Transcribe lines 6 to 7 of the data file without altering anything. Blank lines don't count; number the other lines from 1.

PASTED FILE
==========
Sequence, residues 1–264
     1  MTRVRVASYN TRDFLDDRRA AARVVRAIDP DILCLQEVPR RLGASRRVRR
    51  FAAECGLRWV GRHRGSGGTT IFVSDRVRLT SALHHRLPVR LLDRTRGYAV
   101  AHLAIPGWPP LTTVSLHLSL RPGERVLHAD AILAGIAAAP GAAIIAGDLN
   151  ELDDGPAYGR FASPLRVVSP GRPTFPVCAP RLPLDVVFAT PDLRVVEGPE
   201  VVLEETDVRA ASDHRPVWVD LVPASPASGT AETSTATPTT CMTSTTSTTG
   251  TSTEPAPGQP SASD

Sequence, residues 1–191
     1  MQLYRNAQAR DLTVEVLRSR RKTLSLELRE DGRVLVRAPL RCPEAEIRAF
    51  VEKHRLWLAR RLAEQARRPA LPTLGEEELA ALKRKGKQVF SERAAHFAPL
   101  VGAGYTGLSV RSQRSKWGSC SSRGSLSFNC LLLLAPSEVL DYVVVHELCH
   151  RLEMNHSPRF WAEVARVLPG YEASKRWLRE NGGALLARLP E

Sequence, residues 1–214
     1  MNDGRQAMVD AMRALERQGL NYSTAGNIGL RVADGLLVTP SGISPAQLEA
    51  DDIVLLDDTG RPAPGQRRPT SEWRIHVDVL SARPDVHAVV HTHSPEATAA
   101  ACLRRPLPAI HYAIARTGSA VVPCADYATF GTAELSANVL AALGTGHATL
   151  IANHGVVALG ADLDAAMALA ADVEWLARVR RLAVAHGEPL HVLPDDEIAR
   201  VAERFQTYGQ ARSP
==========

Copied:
   201  VVLEETDVRA ASDHRPVWVD LVPASPASGT AETSTATPTT CMTSTTSTTG
   251  TSTEPAPGQP SASD